Florida Supreme Court

The justices of the Florida Supreme Court, front row, from left: Justice Ricky Polston, Chief Justice Charles T. Canady, Justice Jorge Labarga. Back row, from left: Justice Robert J. Luck, Justice Alan Lawson, Justice Barbara Lagoa, Justice Carlos G. Muñiz.

The Florida Supreme Court has agreed to Gov. Ron DeSantis’ request to issue an advisory opinion on whether the state can legally require felons to pay all court fines, fees and restitution before their voting rights are restored under Amendment 4, the November 2018 ballot measure approved by 64.5 percent of state voters.

All seven justices agreed to take up DeSantis’ Aug. 9 request, filed under provisions of Article IV, Section 1(c) of the state constitution that allows the governor to request in writing Supreme Court justices’ interpretation of “any question affecting the governor's executive powers and duties.”

“The court has determined that the request is within the purview of the above-noted provision and the court will exercise its discretion to provide an opinion in response to the governor’s request,” the justices said in a letter to DeSantis Thursday.

Briefs must be filed by Sept. 18 and responses by Oct, 3. Oral arguments are set for Nov. 6.

After November’s Amendment 4 vote to restore felons’ voting rights, DeSantis said the constitutional amendment required an “implementing” bill.

During the ensuing session, Republican lawmakers installed a requirement that felons pay all fines, fees and restitution before being eligible to vote into the “implementing” bill – Senate Bill 7066 – claiming it was a concession that supporters agreed to when the proposed amendment was reviewed by the state’s Supreme Court.

Following contentious hearings and capital protests, SB 7066 was adopted by the Senate in a partisan 22-17 vote and by the House in an equal partisan 67-42 tally

Hours after DeSantis signed the bill into law, the American Civil Liberties Union, ACLU of Florida, NAACP Legal Defense & Educational Fund and the Brennan Center for Justice at NYU Law all filed lawsuits contending SB 7066 violates the intent of Amendment 4, which could restore voting rights for as many as 1.4 million felons.

The groups filed their motion for a preliminary injunction in early August in the U.S. District Court for Northern Florida in Tallahassee, claiming SB 7066 institutes a “poll tax” that will prohibit a significant number of otherwise eligible felons from casting ballots.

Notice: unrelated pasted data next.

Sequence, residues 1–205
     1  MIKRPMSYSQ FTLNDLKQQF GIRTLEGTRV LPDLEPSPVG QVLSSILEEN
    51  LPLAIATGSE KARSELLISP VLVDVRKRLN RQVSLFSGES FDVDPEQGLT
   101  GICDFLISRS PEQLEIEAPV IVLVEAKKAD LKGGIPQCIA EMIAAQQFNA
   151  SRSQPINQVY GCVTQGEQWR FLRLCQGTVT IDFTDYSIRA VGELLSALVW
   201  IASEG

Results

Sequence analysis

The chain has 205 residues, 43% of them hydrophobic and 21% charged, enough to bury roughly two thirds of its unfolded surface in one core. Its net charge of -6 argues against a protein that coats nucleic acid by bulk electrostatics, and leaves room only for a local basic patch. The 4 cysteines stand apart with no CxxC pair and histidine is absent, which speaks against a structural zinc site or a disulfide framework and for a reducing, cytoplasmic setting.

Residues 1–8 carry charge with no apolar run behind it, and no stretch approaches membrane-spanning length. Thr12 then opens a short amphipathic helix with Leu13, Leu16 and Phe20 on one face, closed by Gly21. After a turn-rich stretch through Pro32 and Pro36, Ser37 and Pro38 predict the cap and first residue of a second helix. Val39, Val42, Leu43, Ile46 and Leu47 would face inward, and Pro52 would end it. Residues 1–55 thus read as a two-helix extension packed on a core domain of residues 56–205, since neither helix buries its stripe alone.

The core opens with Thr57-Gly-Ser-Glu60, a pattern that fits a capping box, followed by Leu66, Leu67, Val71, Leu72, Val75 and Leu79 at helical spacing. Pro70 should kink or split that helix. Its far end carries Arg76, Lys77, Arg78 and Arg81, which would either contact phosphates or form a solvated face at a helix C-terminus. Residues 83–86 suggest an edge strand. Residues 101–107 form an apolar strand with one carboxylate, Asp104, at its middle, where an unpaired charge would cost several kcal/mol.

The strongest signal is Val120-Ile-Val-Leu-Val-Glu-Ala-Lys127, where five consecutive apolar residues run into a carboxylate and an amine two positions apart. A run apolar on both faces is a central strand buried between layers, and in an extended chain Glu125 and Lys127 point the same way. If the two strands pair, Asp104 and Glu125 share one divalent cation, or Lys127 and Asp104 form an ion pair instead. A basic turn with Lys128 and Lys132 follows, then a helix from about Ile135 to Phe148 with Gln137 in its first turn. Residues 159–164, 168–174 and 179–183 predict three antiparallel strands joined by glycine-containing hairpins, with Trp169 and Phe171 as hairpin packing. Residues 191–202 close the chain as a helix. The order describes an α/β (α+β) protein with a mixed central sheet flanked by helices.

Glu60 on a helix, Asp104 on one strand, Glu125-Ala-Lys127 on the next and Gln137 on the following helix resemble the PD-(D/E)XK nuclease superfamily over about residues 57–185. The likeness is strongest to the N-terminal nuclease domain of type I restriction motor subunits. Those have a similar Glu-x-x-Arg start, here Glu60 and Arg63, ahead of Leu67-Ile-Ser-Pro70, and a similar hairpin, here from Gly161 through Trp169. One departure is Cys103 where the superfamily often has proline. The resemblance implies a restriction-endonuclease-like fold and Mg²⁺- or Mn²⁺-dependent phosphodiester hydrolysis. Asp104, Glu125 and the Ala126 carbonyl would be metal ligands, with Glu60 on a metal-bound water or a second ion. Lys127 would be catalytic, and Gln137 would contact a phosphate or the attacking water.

Although SB 7066 allows felons to petition a judge to waive fees or fines, or convert them to community service hours, opponents argue including financial obligations, which for some can run into hundreds of thousands or even millions of dollars in restitution, could disqualify as many as two-thirds of felons from voting.

The Supreme Court’s advisory opinion is not legally binding, but could have standing with federal judges in ruling on the lawsuits, which begin their proceedings in October.

In his request to the Supreme Court, DeSantis is not seeking an opinion on the constitutionality of SB 7066 but for a determination on a key phrase in Amendment 4 – “completion of all terms of sentence.”

Referring to an exchange between the justices and attorneys representing Floridians for a Fair Democracy, Amendment 4’s sponsor, during their in March 2017 review of the measure’s language, Desantis cited hearing transcript in noting Justice Ricky Polston asked if “completion of [all] terms" included "full payment of any fines.”

Floridians for a Fair Democracy’s attorney “responded, ‘Yes, sir ... All terms means all terms within the four comers,’” according to the transcript.

Later in the same hearing, Justice Alan Lawson also asked, "You said that terms of sentence includes fines and costs ... that's the way it's generally pronounced in criminal court, would it also include restitution when it was ordered to the victim as part of the sentence?"

“The sponsor answered, ‘Yes,’” according to the transcript cited in DeSantis’ letter.

Justice Barbara Pariente added that including restitution as part of the completion of sentence "would actually help the state because if fines, costs and restitution are a requirement ... for those that want to vote, there's a big motivation to pay unpaid costs, fines and restitution,” according to the transcript.

“Ultimately,” DeSantis said in the letter, “the Court found Amendment 4 clearly and unambiguously informed voters the chief purpose of the proposed amendment was to ‘automatically restore voting rights to felony offenders, except those convicted of murder or felony sexual offenses, upon completion of all terms of their sentence."

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